BTW, on the webpages found with a quick Googling, there were Onomastic branches about place names (toponyms) and personal names (anthroponyms). I did not see a branch concerned with Surnames.
It is hard to see the progression of variants with our current tools. They are too broad. The Gramplets do not allow only Ancestor of the Active Person (or some other Filter) to be considered. So there’s too much noise obscuring any pattern.
The Groups in names has only rudimentary sub-sorting. Several people have noted that it would be more useful if the sub-sorting within a Group listing ignored the top-level. (i.e., if all the "Edwin"s within the artificial group of Smith, Smythe & Smyth were listed adjacently rather than separated by surname spelling-variant cliques.)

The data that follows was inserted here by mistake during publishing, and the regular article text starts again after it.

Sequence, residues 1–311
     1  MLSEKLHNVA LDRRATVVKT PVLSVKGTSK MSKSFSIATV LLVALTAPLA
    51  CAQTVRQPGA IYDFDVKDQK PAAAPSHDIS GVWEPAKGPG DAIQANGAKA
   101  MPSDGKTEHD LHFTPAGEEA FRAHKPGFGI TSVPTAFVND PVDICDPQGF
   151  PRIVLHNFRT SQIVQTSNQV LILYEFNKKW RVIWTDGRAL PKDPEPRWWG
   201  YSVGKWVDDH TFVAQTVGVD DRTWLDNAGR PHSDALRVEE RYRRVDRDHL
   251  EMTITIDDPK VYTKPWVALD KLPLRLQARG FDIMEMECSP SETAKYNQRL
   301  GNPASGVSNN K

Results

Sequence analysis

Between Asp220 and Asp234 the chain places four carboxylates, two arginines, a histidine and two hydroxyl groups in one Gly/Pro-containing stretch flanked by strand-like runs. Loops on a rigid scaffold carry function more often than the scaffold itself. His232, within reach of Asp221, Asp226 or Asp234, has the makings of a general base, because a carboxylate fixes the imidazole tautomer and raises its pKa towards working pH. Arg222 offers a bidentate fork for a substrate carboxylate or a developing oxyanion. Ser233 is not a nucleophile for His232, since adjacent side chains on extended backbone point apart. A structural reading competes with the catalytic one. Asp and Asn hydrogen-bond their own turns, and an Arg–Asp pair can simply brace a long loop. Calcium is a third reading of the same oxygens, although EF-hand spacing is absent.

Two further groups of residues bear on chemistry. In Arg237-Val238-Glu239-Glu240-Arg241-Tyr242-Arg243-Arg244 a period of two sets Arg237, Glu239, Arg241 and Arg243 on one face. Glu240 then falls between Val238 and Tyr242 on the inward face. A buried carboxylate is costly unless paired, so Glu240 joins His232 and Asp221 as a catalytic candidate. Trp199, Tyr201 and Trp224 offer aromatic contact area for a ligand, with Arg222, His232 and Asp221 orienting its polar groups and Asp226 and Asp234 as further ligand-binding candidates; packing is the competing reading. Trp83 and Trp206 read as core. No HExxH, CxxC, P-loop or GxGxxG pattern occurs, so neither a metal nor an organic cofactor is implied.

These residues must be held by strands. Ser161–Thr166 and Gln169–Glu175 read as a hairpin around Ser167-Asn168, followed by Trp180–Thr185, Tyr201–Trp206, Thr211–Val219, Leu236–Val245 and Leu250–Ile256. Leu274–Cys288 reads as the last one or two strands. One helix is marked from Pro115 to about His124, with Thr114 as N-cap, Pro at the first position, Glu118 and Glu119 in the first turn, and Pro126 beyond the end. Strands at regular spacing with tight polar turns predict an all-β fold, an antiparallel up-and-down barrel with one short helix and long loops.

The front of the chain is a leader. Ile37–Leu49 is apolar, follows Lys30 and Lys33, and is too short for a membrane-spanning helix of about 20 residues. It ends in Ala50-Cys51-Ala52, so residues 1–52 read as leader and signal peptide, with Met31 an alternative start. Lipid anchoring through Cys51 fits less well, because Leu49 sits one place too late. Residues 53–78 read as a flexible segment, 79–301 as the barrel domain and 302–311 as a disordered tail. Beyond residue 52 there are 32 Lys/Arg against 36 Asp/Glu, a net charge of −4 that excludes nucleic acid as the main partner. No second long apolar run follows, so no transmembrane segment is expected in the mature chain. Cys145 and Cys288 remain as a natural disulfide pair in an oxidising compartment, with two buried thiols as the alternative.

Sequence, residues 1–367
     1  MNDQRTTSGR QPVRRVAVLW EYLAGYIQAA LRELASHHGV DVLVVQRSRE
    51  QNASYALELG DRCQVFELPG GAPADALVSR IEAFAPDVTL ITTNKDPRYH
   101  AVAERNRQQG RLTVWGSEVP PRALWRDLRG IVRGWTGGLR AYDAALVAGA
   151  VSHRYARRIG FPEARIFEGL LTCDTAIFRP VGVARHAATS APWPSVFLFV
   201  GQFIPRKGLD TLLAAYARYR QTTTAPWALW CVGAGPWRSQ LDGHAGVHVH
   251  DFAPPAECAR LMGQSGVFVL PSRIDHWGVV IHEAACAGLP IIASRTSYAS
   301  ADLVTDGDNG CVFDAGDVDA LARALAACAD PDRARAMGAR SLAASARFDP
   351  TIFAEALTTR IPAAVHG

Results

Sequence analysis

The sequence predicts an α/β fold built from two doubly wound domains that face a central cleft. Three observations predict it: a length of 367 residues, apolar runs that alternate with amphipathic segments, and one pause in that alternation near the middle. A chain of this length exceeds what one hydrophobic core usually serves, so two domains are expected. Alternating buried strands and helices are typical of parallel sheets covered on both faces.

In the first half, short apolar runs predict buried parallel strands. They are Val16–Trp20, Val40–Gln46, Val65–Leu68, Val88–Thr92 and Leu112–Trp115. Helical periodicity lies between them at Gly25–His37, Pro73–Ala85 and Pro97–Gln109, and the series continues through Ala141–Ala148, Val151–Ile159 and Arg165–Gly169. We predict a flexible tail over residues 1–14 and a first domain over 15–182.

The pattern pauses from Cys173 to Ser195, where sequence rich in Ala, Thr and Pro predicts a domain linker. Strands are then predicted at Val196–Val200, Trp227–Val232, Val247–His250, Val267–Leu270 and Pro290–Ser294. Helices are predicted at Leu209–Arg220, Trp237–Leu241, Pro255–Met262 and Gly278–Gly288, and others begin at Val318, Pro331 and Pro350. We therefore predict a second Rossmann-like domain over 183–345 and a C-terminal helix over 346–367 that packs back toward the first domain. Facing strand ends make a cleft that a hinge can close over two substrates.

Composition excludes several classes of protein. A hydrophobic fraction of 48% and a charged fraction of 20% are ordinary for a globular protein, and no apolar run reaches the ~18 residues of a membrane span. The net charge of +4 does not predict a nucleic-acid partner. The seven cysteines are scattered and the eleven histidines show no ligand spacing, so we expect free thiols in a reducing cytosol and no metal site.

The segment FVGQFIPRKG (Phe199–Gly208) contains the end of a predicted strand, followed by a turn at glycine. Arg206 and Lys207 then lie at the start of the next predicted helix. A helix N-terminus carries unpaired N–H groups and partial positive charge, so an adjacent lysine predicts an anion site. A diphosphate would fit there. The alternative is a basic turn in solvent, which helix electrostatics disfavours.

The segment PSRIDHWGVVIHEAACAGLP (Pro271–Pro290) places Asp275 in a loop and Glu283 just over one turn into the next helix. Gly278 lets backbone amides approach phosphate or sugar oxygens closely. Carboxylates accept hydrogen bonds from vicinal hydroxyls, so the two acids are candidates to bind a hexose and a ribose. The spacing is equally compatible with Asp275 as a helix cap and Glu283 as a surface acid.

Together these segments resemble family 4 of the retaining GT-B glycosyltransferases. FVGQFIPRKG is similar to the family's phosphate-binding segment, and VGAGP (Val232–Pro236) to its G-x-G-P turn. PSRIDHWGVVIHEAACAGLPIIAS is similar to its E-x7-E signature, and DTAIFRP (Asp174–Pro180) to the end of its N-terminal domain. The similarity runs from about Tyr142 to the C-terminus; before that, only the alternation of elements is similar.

If you have more than a few thousand people in the Tree, the Surname Cloud becomes useless.
Likewise, the Top Surnames is overwhelmed if you store Persons for exclusionary purposes. (i.e., one might collect all the “Smith/Smythe/Smyth” Persons found in a neighborhood, even though expecting only a few to be connected genetically to the central Tree.)
Yes, that why I imagine a “neutral” model. I don’t favour any approach. I want to add Notes and the real job will be in the notes. This can already be done for Places: there is a “central” record (the place) and you can add notes to explain the name (and alternate names). I’d like to have the same possibility, which requires a “central” record for an abstract name (grouping all variants)
As an example of this ambiguity, I’ll take Cohen and Berger.